Out but not down

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13 July 2016


Saunderson House200Suddenly the world, or at least the United Kingdom, feels like a different place. The ‘out’ verdict in the referendum has cost David Cameron his job and, while yesterday’s developments mean that Theresa May should be appointed prime minister imminently, uncertainty with regard to the timing of the UK’s exit from the EU and the shape of any trade deal with Europe that is put in its place, could well persist for many months.

Along with change at the top of the Conservative party, the referendum result looks likely to precipitate a change at the head of the Labour party with Jeremy Corbyn facing a leadership challenge.

Like the political backdrop, the economic outlook is now also much less certain. Despite this, stock markets have been fairly resilient.

We have taken the opportunity to reduce allocations to equities to ensure portfolios reflect the changed outlook.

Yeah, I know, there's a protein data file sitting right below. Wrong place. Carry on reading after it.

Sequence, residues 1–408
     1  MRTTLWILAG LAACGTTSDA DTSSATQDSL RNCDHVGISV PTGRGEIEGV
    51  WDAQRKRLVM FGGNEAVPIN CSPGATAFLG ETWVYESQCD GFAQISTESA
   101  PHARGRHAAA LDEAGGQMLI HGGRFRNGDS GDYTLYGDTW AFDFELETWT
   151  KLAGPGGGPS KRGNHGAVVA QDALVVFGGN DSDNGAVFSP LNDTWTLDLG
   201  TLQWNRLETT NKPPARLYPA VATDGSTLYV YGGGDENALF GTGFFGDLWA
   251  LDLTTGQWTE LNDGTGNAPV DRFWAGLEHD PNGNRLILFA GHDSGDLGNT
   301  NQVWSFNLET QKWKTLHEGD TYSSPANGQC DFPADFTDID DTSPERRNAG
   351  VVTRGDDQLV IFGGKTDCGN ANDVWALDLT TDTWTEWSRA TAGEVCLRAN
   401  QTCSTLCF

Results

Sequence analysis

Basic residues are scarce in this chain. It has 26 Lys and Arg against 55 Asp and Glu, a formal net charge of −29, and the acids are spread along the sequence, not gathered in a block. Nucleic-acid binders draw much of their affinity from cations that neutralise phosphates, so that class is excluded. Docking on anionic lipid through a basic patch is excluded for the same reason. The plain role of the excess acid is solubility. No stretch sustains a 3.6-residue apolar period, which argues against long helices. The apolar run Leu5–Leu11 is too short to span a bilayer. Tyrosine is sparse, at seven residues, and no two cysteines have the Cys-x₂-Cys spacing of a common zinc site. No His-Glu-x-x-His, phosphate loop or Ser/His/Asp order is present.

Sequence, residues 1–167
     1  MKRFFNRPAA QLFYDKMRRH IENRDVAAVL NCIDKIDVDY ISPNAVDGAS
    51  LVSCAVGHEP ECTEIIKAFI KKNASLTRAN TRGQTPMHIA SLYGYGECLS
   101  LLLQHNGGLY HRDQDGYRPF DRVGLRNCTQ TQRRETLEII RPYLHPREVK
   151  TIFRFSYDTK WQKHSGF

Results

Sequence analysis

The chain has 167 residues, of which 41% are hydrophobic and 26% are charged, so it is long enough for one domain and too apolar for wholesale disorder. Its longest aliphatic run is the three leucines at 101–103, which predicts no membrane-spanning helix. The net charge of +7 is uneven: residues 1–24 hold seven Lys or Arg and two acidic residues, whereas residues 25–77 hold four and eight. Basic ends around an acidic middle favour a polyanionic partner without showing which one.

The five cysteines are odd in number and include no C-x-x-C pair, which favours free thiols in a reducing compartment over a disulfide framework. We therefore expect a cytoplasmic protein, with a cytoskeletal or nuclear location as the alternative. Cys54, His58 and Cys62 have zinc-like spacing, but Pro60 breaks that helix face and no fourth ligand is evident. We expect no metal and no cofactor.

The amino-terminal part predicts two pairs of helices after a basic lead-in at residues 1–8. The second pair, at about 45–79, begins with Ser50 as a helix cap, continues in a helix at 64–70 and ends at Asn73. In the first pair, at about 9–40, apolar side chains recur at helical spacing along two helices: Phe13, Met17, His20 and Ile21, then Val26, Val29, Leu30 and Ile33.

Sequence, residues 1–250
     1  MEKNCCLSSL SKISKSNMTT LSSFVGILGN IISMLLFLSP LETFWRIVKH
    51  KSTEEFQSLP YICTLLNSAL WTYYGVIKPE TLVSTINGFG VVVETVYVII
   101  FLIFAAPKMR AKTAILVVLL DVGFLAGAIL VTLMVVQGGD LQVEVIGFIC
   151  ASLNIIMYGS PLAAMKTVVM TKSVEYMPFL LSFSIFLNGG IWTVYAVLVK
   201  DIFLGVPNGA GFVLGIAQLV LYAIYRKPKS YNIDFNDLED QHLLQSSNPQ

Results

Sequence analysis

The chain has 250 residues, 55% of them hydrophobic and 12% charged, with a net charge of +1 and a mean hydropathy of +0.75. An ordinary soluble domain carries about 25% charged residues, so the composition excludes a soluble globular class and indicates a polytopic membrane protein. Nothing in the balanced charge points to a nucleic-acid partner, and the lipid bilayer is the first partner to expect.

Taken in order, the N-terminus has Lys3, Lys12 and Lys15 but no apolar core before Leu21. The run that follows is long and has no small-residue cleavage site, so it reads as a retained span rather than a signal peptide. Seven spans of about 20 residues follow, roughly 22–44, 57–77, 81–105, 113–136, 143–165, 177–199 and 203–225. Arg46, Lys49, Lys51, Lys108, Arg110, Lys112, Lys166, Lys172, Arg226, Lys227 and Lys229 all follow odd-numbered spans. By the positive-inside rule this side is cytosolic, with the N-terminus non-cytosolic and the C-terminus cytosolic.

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Legal Futures Blog

Rating lawyers by their wins and losses – a good idea?

Robert Ambrogi

Lawyers will give you any number of reasons why their win-loss rates in court are not accurate reflections of their legal skills. Yet a growing number of companies are evaluating lawyers by this standard – compiling and analysing lawyers’ litigation track records to help consumers and businesses make more-informed hiring decisions. The shortcomings of evaluating lawyers by win rates are many. Not least of them is that so few cases ever make it to a win or loss. Of equal concern is that, in the nuances of law practice, it is not always obvious what constitutes a win or a loss.

February 22nd, 2017